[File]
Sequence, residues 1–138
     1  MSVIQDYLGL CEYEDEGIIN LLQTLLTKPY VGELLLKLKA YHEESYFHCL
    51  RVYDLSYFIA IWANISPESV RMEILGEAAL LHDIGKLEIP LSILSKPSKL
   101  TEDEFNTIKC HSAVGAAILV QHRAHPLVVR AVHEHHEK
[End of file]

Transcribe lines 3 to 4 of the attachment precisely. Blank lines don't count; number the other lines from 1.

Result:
    51  RVYDLSYFIA IWANISPESV RMEILGEAAL LHDIGKLEIP LSILSKPSKL
   101  TEDEFNTIKC HSAVGAAILV QHRAHPLVVR AVHEHHEK